Nigeria’s Supreme Court Most Overworked In The World – Outgone Cjn
SAN FRANCISCO, November 10, (THEWILL) – The former Chief Justice of Nigeria, CJN, Justice Mahmud Mohammed, on Thursday called for a constitutional amendment to reduce appeals to the Supreme Court.
The immediate past CJN made the call in his speech during a valedictory session organised for his exit from the bench.
Mohammed said the volume of appeals filed in the apex court was overwhelming.
“Permit me to re-iterate my comments made during the opening of the 2016-2017 Legal Year when I opined that our Supreme Court is arguably the most overworked in the World.
“In the 2014-2015 Legal Year, the Supreme Court heard 1578 matters, consisting of 1000 motions and 569 substantive appeals, delivering 262 judgments.
“In 2015-2016 Legal Year, the court heard 1489 matters, consisting of 908 motions and 581 substantive appeals, delivering 268 judgments in that period,'' he said.
He further said a total of 500 new appeals were filed in the Registry of the court in the 2015-2016 legal year.
“This figure shows that nearly ten appeals were filed per week, most of which were interlocutory in nature.
“Similarly, there were more than 5,000 outstanding appeals some of which have become academic in nature.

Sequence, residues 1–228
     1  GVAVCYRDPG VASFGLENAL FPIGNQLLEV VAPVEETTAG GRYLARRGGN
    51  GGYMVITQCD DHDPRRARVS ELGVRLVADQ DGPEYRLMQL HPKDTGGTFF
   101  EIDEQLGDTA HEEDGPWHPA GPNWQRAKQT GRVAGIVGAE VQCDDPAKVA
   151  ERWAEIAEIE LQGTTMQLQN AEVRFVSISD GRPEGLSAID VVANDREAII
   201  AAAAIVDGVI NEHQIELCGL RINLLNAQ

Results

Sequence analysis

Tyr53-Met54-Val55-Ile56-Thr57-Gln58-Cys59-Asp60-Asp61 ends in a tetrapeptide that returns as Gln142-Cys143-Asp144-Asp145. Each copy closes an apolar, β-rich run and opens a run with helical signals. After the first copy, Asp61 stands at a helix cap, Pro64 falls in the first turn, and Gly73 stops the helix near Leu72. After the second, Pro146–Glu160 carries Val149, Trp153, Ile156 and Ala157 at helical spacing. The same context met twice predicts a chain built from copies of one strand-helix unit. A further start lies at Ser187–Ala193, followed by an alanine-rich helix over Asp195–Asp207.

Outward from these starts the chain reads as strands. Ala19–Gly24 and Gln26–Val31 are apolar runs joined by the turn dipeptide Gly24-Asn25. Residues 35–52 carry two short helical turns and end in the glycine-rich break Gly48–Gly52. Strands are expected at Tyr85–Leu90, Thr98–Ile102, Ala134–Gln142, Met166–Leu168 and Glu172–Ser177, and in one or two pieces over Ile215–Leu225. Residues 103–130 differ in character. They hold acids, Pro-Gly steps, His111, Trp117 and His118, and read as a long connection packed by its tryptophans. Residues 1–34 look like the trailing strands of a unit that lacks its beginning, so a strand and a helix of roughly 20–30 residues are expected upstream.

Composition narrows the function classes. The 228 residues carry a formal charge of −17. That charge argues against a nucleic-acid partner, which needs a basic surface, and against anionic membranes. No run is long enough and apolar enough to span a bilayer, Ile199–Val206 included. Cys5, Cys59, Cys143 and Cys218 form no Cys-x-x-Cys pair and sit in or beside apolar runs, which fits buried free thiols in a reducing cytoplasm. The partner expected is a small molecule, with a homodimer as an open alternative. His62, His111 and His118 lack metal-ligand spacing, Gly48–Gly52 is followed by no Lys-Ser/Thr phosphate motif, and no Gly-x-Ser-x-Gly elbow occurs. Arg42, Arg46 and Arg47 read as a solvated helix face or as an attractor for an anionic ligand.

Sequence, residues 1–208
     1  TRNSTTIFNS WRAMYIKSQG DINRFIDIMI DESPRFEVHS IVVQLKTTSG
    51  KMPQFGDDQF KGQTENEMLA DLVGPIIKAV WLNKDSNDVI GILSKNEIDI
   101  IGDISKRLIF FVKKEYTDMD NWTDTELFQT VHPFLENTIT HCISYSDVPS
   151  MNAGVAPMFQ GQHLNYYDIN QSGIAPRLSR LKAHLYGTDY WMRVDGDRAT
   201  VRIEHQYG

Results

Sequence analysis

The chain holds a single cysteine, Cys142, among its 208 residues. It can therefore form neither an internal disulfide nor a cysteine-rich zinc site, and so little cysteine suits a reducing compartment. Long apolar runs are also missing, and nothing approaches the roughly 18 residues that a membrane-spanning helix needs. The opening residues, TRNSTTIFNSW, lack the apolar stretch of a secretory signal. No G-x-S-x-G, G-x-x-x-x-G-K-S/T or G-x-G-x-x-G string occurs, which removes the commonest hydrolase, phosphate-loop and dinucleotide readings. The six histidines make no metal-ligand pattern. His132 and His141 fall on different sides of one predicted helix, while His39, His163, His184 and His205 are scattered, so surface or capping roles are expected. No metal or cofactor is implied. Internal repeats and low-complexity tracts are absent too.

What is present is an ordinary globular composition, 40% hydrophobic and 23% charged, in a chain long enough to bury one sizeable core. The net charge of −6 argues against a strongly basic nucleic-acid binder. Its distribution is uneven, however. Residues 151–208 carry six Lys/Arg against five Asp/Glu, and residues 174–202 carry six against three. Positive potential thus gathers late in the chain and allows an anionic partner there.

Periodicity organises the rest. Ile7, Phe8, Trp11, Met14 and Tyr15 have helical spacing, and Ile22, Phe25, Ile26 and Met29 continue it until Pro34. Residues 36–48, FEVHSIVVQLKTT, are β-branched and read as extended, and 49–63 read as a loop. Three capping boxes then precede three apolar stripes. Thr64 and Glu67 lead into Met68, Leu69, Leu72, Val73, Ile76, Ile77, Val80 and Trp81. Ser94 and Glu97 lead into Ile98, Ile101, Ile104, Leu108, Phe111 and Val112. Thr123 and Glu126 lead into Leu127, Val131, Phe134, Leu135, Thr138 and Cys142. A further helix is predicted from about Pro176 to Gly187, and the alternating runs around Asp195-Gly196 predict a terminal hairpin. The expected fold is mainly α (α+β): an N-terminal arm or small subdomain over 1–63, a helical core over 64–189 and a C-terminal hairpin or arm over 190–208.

“The log-jams are the result of a free-for-all appeals process, which has been given the imprimatur of our constitution. It was obvious that urgent action was required,'' he said.
As an interim measure, the out-gone CJN said the court had taken measure to constitute a second panel to sit on Wednesdays in-addition to the normal sitting in Chamber slated for the same days.
“This additional Panel was a first in the history of the court and has certainly had a significant impact on the case disposal rate of the court.
“I will not take full credit for this success, as My Brother Justices rose to the challenge, but I recognise that this was a necessary response to the yearnings of all Nigerians for justice,'' he said.
Besides, Mohammed said the country owed the judiciary a debt of gratitude for standing firm in the face of contrary winds that threatened to blow Nigeria's democracy off course.